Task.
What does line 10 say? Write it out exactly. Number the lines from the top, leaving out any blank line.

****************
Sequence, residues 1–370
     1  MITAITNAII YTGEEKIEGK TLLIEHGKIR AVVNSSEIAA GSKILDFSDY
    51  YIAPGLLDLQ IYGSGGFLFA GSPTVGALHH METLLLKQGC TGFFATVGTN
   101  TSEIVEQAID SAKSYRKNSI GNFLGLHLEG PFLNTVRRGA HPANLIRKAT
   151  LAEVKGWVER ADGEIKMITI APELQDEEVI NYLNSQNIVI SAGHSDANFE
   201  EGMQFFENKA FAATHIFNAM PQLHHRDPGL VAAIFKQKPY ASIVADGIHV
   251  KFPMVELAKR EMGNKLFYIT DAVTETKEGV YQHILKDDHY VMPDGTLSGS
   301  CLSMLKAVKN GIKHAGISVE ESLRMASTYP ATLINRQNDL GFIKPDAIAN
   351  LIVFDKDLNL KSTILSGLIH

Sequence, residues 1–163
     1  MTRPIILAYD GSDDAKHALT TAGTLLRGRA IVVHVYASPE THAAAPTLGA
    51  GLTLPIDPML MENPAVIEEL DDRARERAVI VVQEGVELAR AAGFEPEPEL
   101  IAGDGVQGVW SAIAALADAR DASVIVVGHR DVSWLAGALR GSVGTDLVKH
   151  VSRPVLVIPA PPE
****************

Sequence, residues 1–163